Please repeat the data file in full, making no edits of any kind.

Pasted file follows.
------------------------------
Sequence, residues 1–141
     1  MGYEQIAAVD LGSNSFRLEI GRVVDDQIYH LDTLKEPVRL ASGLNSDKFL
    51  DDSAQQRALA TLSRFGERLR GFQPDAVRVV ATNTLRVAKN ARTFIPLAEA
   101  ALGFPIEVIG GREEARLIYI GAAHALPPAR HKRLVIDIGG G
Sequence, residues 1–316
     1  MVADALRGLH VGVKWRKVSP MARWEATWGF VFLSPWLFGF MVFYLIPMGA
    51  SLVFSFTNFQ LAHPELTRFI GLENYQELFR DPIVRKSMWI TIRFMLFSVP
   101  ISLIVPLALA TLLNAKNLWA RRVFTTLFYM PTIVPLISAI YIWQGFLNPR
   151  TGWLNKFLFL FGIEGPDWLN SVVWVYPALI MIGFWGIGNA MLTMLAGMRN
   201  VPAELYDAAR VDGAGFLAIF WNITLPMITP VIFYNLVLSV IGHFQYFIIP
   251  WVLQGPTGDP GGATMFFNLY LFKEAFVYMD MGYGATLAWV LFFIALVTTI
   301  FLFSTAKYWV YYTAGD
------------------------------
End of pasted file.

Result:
Sequence, residues 1–141
     1  MGYEQIAAVD LGSNSFRLEI GRVVDDQIYH LDTLKEPVRL ASGLNSDKFL
    51  DDSAQQRALA TLSRFGERLR GFQPDAVRVV ATNTLRVAKN ARTFIPLAEA
   101  ALGFPIEVIG GREEARLIYI GAAHALPPAR HKRLVIDIGG G
Sequence, residues 1–316
     1  MVADALRGLH VGVKWRKVSP MARWEATWGF VFLSPWLFGF MVFYLIPMGA
    51  SLVFSFTNFQ LAHPELTRFI GLENYQELFR DPIVRKSMWI TIRFMLFSVP
   101  ISLIVPLALA TLLNAKNLWA RRVFTTLFYM PTIVPLISAI YIWQGFLNPR
   151  TGWLNKFLFL FGIEGPDWLN SVVWVYPALI MIGFWGIGNA MLTMLAGMRN
   201  VPAELYDAAR VDGAGFLAIF WNITLPMITP VIFYNLVLSV IGHFQYFIIP
   251  WVLQGPTGDP GGATMFFNLY LFKEAFVYMD MGYGATLAWV LFFIALVTTI
   301  FLFSTAKYWV YYTAGD